Product Sense: the not-so-secret sauce for successful product management

Created by DALL·E

Introduction

As a product manager, you are repeatedly faced with the challenge of making good decisions. New, unfinished product ideas or even very specific feature requirements must be understood, sorted and assessed for their expected impact. Good Product Sense helps to quickly evaluate the desired impact of an idea or requirement. Product Sense is therefore a crucial factor for better decisions in product development and helps to save costs and time. At the same time, a strongly developed Product Sense does not replace testing product ideas. Testing ideas and hypotheses remain necessary.

According to a survey of 1,000 product managers in 2022, Product Sense was named one of the three most important skills in product management, after “communication” and “execution”. However, it is also one of the least clearly defined skills in product management. That is why we want to clarify the term Product Sense and describe in more detail how to develop this skill.

What is Product Sense?

Great product sense = generally being right about which product changes will have the intended impact.
— Lenny Rachitsky

Good Product Sense is based essentially on four factors: empathy to discover meaningful user needs, product and domain knowledge of how successful solutions in the market work, creative problem-solving to effectively meet user and business needs alike, and finally, experience gained over time in product development. The first two factors will be considered in more detail in the following, as they form the basis for subsequent creative processes and the accumulation of experience.

The importance of Product Sense

This is, admittedly, a purely fictional story. But it is similar to what we have experienced in many companies. It is a good example of why good Product Sense is so important for product management decisions. In organizations with little Product Sense, product managers are often responsible for the simple implementation of external requirements. There is no ability to think ahead or to question or validate the effectiveness of requirements. There is simply a lack of understanding of how products are built and how they work in general. Product management has little ability to develop an imagination of what impact individual requirements can have on users, customers, the product, and the business model as a whole. For product managers in such environments, it is difficult to make good, forward-looking decisions that are in line with the company’s strategy and that also have a positive impact on users and customers. In short, Product Sense is a crucial factor for successful product development.

A good product intuition helps product managers to …

  1. better understand the cause-and-effect relationships
  2. assess the potential effects in complex systems
  3. recognize risks early on
  4. achieve more impact on customers and their own company
  5. ask good, goal-oriented questions
  6. make the right decisions

Even though the ability of Product Sense primarily benefits decision-makers in digital product development, such as product managers, this ability can also be useful for other roles involved in product development, from engineering to design to marketing, sales, and customer support. A well-developed Product Sense can help these individuals better understand and actively participate in product development. Therefore, developing Product Sense is beneficial for anyone who needs to make product decisions or wants to help shape them.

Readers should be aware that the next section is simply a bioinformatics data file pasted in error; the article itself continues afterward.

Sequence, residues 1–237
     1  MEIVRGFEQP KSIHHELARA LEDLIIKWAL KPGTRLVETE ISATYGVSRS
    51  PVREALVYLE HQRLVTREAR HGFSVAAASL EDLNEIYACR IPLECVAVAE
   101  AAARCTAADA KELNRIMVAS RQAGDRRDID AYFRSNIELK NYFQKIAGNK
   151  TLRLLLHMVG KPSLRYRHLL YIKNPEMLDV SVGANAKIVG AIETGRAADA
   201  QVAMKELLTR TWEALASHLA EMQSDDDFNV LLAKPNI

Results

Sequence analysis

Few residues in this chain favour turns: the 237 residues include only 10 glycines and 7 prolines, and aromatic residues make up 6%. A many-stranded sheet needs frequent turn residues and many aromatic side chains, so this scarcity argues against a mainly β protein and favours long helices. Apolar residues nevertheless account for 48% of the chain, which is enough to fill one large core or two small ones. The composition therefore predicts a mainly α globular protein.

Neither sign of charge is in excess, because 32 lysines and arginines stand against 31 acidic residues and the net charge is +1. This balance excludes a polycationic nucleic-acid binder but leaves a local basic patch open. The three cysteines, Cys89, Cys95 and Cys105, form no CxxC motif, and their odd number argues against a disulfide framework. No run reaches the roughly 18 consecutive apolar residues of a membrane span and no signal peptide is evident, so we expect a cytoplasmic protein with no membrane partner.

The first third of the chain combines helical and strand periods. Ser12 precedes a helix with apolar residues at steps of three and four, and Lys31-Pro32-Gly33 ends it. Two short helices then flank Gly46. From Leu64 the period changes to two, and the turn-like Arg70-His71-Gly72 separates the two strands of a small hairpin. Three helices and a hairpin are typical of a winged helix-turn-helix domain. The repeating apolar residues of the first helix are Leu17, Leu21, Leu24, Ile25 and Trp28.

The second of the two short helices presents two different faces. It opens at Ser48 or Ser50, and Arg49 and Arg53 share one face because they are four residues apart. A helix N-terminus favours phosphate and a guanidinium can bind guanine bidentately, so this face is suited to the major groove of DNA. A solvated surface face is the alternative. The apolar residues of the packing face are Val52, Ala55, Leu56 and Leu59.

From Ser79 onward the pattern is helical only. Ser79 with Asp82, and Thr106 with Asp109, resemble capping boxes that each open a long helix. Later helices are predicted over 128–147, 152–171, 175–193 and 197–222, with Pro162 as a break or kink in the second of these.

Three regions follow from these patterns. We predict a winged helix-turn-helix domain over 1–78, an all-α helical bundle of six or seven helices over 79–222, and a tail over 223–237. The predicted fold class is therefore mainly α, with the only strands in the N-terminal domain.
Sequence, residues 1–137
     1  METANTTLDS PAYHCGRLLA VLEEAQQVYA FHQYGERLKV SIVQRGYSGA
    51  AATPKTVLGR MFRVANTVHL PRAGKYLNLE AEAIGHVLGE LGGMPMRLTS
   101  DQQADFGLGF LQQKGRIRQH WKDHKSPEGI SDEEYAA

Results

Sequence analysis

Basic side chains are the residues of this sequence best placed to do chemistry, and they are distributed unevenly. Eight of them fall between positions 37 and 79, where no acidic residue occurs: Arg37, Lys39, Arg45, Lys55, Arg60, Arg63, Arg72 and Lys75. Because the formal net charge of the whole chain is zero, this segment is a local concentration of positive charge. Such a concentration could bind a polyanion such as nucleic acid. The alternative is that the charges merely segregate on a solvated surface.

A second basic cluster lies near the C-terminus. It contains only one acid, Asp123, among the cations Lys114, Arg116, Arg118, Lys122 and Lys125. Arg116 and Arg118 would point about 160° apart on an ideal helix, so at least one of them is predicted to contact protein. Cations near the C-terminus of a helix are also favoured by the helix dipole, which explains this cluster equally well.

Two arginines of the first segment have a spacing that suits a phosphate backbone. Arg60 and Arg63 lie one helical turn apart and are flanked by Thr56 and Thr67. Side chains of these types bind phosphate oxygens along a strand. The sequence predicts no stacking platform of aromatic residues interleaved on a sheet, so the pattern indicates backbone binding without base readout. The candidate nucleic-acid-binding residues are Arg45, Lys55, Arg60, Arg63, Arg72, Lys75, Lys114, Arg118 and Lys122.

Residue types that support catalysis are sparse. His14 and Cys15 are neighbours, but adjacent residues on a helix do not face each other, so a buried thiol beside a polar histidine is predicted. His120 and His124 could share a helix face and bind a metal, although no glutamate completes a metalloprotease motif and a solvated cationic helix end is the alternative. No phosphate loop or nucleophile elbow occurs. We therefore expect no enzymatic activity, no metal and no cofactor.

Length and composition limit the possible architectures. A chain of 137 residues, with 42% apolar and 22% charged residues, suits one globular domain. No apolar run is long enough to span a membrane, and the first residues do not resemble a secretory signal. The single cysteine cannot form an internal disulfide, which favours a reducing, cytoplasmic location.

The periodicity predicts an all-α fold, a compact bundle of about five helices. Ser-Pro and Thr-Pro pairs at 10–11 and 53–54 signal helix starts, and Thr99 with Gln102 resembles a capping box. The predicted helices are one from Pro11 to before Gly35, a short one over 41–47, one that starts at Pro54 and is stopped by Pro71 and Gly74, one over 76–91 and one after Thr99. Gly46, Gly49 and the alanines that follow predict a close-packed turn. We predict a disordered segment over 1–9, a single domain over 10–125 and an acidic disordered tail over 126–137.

How to develop Product Sense

[…] my mantra for this process is “strong opinions, weakly held.” Allow your intuition to guide you to a conclusion, no matter how imperfect — this is the “strong opinion” part. Then –and this is the “weakly held” part– prove yourself wrong.
— Paul Saffo

The more experiences product managers accumulate in their careers, the more likely they are to have developed a deep understanding of products and good Product Sense. The presence of Product Sense is therefore one of the key factors that distinguishes senior from junior product managers. However, this ability does not come naturally but must be actively developed and continuously improved. As mentioned before, this requires empathy and a deep, holistic understanding of the product, business, and domain. We will discuss this in more detail in the next section.

Building empathy

Empathy must be trained and actively developed. Product managers are not real users or customers of the product they are developing—even if they use the product themselves. Therefore, product managers must directly and regularly talk to users or customers to understand them and recognize patterns. It is not enough to be informed only by customer support or the research team. On the one hand, the opportunity to ask for a better understanding and additional context is lost, on the other hand, repeated and regular interaction is important, as customer needs and usage behaviour can change over time. A user statement that seemed interesting yesterday may already be obsolete today. In addition, observing user behaviour and measuring interactions with the product provide useful clues about the needs of the end users. Marrying qualitative observations with quantitative data further enhances empathy. Therefore, product managers must be integrated into research or conduct it themselves in order to develop Product Sense.

It is time to take control of your product research! Let business development and market research teams do what they do best, but make sure to define and conduct your own early-stage research based on your specific product management questions.
—Christian Becker

In order to consistently engage with users and customers, test subjects must be found for interviews and tests. Finding subjects for a B2C product with a large user base is much easier than for a B2B product for specialists. To get feedback on the interface of a B2C product, it is often enough to go to the nearest coffee shop and ask a handful of people if they know and use the product. This way, test subjects can easily be found without having to put in much additional effort. Finding users for B2B products is much more difficult. In this case, it is a good idea to start by talking to users within your own company. Your colleagues often know potential partners in other companies who can be recruited as test subjects.